If Moore's reaction to the federal court ruling is an early taste of how conservative states will respond to a possible Supreme Court decision this summer providing gays and lesbians across the country with a right to wed, we are in for some tumult in the years ahead. Judge Moore may have more chutzpah than the average cranky state official, but he is not, apparently, the only one with plans to try to scuttle a gay-friendly Supreme Court ruling. One would hope that however the justices rule in June, everyone will keep a copy of the Constitution close at hand.
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Researchers have just discovered the remains of a hybrid human.
90,000 years ago, a young girl lived in a cave in the Altai mountains in southern Siberia. Her life was short; she died in her early teens, but she stands at a unique point in human evolution. She is the first known hybrid of two different kinds of ancient humans: the Neanderthals and the Denisovans.
These thought leaders, founders, and entrepreneurs are propelling the kind of future we want to be a part of.
- The tech industry may be dominated by men in terms of numbers, but there are lots of brilliant women in leadership positions that are changing the landscape.
- The women on this list are founders of companies dedicated to teaching girls to code, innovators in the fields of AI, VR, and machine learning, leading tech writers and podcasters, and CEOs of companies like YouTube and Project Include.
- This list is by no means all-encompassing. There are many more influential women in tech that you should seek out and follow.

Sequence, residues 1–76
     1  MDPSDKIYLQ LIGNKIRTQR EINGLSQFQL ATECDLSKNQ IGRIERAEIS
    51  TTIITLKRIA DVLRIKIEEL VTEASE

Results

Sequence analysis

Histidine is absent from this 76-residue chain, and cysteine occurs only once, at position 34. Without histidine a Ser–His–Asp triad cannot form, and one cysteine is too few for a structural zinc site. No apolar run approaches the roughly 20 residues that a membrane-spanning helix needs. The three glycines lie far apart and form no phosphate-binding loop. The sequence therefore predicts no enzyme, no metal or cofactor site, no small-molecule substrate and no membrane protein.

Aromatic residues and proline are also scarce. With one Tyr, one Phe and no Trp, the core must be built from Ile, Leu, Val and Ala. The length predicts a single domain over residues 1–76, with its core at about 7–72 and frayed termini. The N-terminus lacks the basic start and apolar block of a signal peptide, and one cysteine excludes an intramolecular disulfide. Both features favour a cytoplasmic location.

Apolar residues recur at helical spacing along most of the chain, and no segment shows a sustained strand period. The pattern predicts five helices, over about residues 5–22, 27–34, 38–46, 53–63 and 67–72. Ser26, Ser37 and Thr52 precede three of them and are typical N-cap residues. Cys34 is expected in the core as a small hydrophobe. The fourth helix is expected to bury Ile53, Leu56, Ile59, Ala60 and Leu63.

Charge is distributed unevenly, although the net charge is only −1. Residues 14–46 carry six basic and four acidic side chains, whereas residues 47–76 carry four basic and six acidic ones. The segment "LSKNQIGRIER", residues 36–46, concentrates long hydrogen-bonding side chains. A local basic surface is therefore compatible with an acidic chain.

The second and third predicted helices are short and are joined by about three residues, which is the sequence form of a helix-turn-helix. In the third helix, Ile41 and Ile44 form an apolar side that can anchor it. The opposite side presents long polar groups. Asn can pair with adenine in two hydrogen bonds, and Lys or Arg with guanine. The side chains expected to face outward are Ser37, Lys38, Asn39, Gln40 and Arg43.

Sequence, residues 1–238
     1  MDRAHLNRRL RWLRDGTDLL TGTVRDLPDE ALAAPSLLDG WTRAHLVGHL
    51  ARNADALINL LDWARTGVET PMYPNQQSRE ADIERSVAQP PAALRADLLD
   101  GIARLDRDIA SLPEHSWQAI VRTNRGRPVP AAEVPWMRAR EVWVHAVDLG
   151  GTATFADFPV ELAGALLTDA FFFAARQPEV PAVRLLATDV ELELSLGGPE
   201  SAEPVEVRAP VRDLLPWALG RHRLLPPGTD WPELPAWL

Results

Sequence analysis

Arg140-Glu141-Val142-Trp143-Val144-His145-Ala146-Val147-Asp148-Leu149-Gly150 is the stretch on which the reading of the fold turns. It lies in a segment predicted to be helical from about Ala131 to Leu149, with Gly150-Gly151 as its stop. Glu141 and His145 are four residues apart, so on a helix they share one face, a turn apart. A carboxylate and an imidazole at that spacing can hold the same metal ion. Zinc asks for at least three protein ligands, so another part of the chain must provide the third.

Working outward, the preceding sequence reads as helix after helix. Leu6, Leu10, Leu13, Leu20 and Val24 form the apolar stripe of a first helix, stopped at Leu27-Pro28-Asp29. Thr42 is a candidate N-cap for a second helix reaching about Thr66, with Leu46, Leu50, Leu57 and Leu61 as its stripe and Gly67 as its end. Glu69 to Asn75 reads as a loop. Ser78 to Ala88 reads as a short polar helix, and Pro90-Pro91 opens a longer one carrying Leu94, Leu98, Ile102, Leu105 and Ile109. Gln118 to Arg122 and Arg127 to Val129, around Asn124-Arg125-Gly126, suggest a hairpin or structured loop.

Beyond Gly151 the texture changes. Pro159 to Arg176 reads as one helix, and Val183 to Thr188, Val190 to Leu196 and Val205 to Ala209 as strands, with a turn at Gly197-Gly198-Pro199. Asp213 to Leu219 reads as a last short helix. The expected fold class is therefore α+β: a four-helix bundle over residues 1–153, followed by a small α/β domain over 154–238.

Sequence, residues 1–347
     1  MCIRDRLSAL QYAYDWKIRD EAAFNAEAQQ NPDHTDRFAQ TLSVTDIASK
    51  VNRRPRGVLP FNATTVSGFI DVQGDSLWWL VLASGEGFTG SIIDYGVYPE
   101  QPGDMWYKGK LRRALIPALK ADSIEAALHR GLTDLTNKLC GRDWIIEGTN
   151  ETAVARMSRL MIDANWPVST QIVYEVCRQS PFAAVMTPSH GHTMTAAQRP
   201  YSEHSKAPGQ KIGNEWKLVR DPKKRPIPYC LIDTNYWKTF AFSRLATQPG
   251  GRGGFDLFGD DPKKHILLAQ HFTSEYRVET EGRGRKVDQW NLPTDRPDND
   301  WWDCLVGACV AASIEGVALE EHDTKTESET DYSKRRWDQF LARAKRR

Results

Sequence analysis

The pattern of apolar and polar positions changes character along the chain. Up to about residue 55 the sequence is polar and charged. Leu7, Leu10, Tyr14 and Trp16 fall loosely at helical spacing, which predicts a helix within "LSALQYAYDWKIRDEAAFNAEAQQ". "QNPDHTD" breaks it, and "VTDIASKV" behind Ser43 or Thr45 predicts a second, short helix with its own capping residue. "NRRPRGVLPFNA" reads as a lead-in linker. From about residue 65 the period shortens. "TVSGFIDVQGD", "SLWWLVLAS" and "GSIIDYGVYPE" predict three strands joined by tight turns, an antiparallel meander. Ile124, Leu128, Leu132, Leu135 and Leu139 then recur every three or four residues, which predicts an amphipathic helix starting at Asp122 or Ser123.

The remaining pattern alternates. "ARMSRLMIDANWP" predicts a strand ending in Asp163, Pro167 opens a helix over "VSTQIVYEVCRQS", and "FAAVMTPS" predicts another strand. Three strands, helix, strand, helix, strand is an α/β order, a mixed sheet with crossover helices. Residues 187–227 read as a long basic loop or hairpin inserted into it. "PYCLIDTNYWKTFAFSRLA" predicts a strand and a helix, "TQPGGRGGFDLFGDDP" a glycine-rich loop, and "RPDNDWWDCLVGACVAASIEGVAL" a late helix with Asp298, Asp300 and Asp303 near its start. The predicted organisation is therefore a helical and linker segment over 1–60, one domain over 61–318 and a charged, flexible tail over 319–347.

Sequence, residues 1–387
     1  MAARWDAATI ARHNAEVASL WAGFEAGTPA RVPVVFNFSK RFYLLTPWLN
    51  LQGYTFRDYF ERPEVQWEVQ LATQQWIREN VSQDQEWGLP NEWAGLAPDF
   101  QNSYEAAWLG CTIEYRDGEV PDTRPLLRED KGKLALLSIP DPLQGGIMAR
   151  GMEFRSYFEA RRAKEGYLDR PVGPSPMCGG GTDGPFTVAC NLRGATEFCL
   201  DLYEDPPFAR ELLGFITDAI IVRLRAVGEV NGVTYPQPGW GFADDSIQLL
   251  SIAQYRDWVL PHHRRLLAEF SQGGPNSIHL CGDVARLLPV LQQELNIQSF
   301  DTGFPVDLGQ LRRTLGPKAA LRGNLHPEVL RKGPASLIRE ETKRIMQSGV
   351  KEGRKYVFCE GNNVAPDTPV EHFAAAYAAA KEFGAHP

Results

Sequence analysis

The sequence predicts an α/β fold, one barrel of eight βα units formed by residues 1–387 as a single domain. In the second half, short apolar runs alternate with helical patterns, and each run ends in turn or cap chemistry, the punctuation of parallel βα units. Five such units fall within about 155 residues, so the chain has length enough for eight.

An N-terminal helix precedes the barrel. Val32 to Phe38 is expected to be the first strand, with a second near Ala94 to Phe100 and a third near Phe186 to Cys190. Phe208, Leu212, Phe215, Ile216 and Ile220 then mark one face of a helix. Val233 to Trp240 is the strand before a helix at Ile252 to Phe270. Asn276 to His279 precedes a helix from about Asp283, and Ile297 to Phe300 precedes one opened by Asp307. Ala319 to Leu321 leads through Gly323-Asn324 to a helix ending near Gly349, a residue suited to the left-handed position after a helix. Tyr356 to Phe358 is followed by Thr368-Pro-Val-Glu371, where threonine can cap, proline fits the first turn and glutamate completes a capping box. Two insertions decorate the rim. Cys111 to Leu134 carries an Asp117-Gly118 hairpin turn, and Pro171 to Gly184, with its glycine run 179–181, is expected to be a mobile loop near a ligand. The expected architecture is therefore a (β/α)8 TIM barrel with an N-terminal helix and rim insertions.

Most said they want to act on their desire someday. But do open relationships actually work?
- The study involved 822 Americans who were in monogamous relationships at the time.
- Participants answered questions about their personalities, sexual fantasies, and intentions to act on those fantasies.
- Research suggests practicing consent, comfort, and communication makes open relationships more likely to succeed.
Consensual non-monogamy fantasies<p>For the new study, published in <a href="https://link.springer.com/article/10.1007/s10508-020-01788-7" target="_blank">Archives of Sexual Behavior</a>, researchers asked 822 people in monogamous relationships to:</p><ul><li>Describe their favorite sexual fantasy, defined as "mental images you have while you are awake that you find to be sexually arousing or erotic."</li><li>Select which themes apply to that fantasy, such as having sex with multiple people at the same time, experimenting with taboos, or engaging in a sexually open relationship.</li><li>Answer whether they intended to carry out these fantasies, and discuss them with their partner.</li><li>Complete assessments on relationship satisfaction, erotophilia and personality, as measured by the Big Five Personality inventory.</li></ul><p>The results showed that 32.6 percent of participants said being part of a sexually open relationship was "part of their favorite sexual fantasy of all time." More surprising is that, of that one-third, 80 percent said they want to act on this fantasy in the future.</p>